What does your ideal yarn store carry? What do you dislike about your current LYS? What indie dyers are your favorites? Tell me everything in the comments!
– YX

26 thoughts on “The LYS dilemma

  1. A "Pick of the Week" is a great idea! That way different employees can highlight different yarns. I would love something like this at my LYS.

    I hate having to shop online, rather than locally, but it's the only way to get the quality and color selections that I am looking for.

    1. I agree. …And if I'm being picky, a sweater for me is typically going to be a semisolid and not a multicolor, but it seems like most of my LYS colors are either a straight solid or a multi. I love the subtle color variations of a semisolid in large fabrics.

  2. I am an impulse buyer. If I see brightly colored yarns displayed prominently chances are I can't resist. If I see that there aren't many left then I'm done for. If an LYS were to have a dedicated Indie display I think it would be profitable to the shop as well as the dyer.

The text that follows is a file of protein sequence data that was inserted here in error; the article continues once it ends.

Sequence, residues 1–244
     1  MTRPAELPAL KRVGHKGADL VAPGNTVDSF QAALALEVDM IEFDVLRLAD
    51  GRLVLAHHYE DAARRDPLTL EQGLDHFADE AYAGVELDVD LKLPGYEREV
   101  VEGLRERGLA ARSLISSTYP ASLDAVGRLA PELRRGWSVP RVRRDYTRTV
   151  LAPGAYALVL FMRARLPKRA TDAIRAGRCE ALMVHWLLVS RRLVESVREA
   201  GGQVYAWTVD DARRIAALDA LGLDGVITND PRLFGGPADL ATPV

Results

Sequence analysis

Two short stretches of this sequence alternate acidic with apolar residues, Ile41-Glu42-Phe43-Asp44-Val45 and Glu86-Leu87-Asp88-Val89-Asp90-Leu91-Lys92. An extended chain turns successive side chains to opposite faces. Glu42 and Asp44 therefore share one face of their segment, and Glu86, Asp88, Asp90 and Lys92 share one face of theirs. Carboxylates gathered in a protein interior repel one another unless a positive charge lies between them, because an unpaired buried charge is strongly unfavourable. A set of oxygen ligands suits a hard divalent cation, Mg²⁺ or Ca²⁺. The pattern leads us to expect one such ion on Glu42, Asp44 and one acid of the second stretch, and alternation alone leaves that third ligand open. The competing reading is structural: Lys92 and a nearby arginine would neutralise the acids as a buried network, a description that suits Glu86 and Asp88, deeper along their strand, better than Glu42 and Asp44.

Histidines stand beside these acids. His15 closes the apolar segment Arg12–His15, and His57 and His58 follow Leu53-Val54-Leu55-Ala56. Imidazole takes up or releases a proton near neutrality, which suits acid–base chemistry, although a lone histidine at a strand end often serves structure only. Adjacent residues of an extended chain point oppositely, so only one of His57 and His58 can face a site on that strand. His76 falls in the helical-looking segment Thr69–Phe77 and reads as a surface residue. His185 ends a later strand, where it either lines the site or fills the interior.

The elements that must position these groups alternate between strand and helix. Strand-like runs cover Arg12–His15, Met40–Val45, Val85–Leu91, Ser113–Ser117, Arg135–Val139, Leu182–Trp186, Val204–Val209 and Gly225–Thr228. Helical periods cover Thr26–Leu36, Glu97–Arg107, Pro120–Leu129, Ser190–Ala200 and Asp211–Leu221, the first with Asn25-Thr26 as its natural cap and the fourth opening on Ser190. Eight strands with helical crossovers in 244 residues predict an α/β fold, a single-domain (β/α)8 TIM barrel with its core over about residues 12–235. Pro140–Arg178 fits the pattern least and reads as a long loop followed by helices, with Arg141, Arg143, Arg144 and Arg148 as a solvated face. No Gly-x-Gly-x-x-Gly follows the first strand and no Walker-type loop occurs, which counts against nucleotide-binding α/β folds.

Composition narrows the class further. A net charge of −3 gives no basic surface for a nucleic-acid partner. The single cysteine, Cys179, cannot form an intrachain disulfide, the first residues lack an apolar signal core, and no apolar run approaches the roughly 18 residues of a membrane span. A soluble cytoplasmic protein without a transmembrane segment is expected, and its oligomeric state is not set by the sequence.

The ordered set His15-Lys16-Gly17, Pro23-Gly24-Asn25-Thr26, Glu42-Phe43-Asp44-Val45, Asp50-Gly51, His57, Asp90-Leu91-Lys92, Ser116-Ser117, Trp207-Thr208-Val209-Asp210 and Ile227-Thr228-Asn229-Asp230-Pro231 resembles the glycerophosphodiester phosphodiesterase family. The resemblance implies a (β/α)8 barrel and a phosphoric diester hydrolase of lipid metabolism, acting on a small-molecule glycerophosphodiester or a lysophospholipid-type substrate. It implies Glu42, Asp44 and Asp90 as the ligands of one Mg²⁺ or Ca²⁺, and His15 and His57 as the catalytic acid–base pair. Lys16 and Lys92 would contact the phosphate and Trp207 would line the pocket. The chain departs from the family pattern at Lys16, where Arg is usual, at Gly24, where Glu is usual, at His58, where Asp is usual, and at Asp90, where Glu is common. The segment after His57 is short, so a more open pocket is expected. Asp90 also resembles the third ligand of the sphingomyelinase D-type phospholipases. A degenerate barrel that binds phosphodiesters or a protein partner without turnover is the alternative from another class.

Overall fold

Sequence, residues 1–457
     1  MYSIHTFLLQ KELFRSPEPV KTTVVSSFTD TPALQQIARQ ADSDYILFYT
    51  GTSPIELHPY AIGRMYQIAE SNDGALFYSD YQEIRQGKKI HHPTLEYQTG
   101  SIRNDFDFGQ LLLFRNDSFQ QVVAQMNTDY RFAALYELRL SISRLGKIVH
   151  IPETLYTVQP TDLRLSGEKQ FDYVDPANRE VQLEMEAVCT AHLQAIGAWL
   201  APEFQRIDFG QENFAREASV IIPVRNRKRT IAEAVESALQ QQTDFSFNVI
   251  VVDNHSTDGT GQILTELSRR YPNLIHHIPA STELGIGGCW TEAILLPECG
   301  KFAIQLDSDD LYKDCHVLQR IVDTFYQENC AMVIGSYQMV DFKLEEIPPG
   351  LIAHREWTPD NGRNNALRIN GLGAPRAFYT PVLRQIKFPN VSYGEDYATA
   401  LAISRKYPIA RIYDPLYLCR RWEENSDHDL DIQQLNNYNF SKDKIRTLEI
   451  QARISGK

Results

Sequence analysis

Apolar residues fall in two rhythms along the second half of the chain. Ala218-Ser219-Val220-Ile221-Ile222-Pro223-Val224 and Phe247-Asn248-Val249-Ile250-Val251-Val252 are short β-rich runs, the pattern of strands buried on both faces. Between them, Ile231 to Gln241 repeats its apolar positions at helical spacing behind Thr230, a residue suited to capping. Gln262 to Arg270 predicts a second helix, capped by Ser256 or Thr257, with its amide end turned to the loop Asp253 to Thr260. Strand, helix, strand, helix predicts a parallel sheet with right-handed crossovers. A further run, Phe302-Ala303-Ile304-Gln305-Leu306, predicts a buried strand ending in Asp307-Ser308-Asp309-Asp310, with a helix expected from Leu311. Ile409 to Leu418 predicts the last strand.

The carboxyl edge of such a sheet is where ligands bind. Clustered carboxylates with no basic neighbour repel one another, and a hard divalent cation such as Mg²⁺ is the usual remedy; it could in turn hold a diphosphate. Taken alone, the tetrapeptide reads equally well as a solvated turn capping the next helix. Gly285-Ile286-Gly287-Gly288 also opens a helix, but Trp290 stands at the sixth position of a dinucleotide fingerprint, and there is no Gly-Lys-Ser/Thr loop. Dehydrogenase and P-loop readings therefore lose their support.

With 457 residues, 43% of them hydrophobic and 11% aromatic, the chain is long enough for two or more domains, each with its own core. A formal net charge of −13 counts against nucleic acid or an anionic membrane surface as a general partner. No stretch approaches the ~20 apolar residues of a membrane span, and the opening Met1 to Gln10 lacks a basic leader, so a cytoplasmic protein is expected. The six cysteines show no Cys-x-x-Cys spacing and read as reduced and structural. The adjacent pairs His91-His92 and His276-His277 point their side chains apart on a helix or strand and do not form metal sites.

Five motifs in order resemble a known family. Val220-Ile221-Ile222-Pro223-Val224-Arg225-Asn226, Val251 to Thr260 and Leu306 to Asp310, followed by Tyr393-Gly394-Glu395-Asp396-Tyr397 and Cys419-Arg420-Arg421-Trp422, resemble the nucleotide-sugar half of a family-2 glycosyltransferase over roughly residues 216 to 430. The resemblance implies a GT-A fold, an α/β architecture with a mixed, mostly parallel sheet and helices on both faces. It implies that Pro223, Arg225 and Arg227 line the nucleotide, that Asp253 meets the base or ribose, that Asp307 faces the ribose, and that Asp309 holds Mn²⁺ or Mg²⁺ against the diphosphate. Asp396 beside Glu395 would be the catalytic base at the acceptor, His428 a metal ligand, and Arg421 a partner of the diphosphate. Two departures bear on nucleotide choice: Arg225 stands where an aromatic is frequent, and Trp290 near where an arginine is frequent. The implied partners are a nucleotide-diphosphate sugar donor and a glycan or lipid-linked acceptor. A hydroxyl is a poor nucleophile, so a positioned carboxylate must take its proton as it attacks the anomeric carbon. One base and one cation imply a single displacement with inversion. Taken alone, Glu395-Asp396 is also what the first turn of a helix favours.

Sadly I am now over 40 miles from any local stores so I have to shop 100% online.

  3. Come to Virginia. We have a (relatively) new store that has enjoyed tremendous success because they carry a huge number of indie yarns. Walking in is like heaven.

    1. It's probably fibre space in Alexandria, Virginia, just over the river from DC. If it isn't I still think you should go see it (though I'd like to know of the other one myself!) because you'd love it. Indie dyers galore! Just in the past year they've had Cephalopod Yarns, The Uncommon Thread, Dragonfly Fibers, Neighborhood Fiber Co., Miss Babs, Skein, The Plucky Knitter, Hedgehog Fibres, and I am sure plenty more I am forgetting. Also BT Shelter and Loft. (And Rowan! Sorry!)

      If you ever get to Philadelphia check out their Loop, and even further afield in East Lansing, Michigan, is a great LYS called Woven Art, which also carries a lot of local indies and a really well-curated selection of cool fibers and yarns and looms, Japanese knitting books, etc.

      Looks like Loop London is a great shop, I've ordered from them before but haven't had a chance to check it out myself. One day…